In spite of the corporate emphasis of the administrative Baha'i community, I've always felt that the Writings of Baha'u'llah were incredibly supportive -- indeed, they insist upon -- the individual's spiritual quest. I've found that this aspect of my Baha'i life has become even more important since I became unenrolled -- there are no assembly meetings, or plans, or any of that. There's just Baha'u'llah and me.
There are times I think being an unenrolled Baha'i is a matter of temperament. Some people are naturally introverted, others extroverted -- and they really don't understand each other too well. The extrovert sees the introvert "doing nothing", not knowing that the mind and the internal world can be very busy indeed. The introvert finds the rush of external activity a burden, and one that is often devoid of meaning. That doesn't make either way "right"; it's just a difference. For some, it would be very difficult to follow a spiritual path without having support, and face-to-face community. For others, tranquility and solitude are necessary to hear the still, small voice of God. If you can relate to the sayings "The kingdom of heaven is within you" and "Hell is other people", then being a Baha'i on your own probably doesn't seem like such a bad thing.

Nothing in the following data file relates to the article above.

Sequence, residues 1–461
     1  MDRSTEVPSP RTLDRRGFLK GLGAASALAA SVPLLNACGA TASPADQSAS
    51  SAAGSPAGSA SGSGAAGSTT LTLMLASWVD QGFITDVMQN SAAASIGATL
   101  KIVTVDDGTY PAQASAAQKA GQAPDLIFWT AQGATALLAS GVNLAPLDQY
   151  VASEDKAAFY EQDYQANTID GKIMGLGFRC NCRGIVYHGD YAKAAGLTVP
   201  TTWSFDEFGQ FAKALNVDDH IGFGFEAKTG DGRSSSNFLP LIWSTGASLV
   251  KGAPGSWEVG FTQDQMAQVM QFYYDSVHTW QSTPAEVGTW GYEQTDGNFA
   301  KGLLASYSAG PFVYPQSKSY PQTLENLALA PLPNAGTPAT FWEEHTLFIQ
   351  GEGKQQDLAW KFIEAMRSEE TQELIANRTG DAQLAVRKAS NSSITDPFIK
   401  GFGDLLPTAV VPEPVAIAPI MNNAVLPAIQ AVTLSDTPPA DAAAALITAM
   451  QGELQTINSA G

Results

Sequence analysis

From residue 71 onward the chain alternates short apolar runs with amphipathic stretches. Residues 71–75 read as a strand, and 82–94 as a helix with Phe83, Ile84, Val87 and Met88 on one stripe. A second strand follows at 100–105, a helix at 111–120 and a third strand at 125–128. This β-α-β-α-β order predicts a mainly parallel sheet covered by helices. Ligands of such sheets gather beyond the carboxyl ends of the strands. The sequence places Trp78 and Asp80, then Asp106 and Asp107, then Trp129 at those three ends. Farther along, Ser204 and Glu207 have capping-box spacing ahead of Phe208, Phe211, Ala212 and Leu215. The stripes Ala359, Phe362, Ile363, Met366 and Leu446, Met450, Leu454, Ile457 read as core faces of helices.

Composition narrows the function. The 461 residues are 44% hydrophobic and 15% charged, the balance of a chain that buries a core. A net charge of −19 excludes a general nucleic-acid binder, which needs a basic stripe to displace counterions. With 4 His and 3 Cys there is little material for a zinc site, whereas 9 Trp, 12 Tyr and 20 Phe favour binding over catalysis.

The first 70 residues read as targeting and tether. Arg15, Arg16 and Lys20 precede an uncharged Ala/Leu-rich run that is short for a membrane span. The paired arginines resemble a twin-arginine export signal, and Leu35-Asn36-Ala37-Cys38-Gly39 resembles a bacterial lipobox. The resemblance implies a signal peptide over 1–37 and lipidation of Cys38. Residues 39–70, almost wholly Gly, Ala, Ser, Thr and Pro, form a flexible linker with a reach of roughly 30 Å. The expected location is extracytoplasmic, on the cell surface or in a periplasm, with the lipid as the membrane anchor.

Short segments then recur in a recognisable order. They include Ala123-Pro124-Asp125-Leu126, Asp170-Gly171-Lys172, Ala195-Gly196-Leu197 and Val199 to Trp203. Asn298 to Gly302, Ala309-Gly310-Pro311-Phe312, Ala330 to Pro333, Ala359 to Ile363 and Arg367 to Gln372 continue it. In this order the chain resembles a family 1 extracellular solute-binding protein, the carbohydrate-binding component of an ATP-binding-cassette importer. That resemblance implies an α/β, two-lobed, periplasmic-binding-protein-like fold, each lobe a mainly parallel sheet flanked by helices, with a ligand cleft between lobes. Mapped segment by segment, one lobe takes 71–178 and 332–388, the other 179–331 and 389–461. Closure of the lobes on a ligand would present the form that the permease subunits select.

Baha'u'llah makes room for us. He absolutely forbids taqlid -- the blind following of clerical authority -- and exhorts us to "see with your own eyes". The Muslim congregational prayer is replaced by the individual choice of three different prayers, and such a light worship requirement that it is easy for the individual to create what works for him/her. Again and again, he exhorts us to "ponder and reflect", turning us in on our own hearts and minds.
In my evening devotions tonight, I just happened to come upon this: It is incumbent on one who journeys unto God and who emigrates for his sake to sever himself from all who are in the heavens and on earth, and to restrain his sould from all save him.[Gems of the Mysteries, Juan Cole translation] This, of course, is a theme that Baha'u'llah returns to again and again. And while may be possible to find detachment in the whirlwind of social affairs, I have a hard time seeing how.
One of my favorite verses about the power of individual contemplation is this: My friends, you are the wellsprings of my own discourse. In every spring, a droplet from the heavenly stream of divine meaning wells up. With the hand of certainty, cleanse these springs of the pollution of unfounded judgments and illusions. In this way, might you yourselves give convincing and unassailable answers to the sorts of questions that have been posed. In this greatest of dispensations, all must appear with branches of knowledge and sayings of wisdom.[Tablet of the Son, Juan Cole translation]
So, we are the wellsprings of His discourse -- we just have to work on cleansing the spring. And we have to do that ourselves.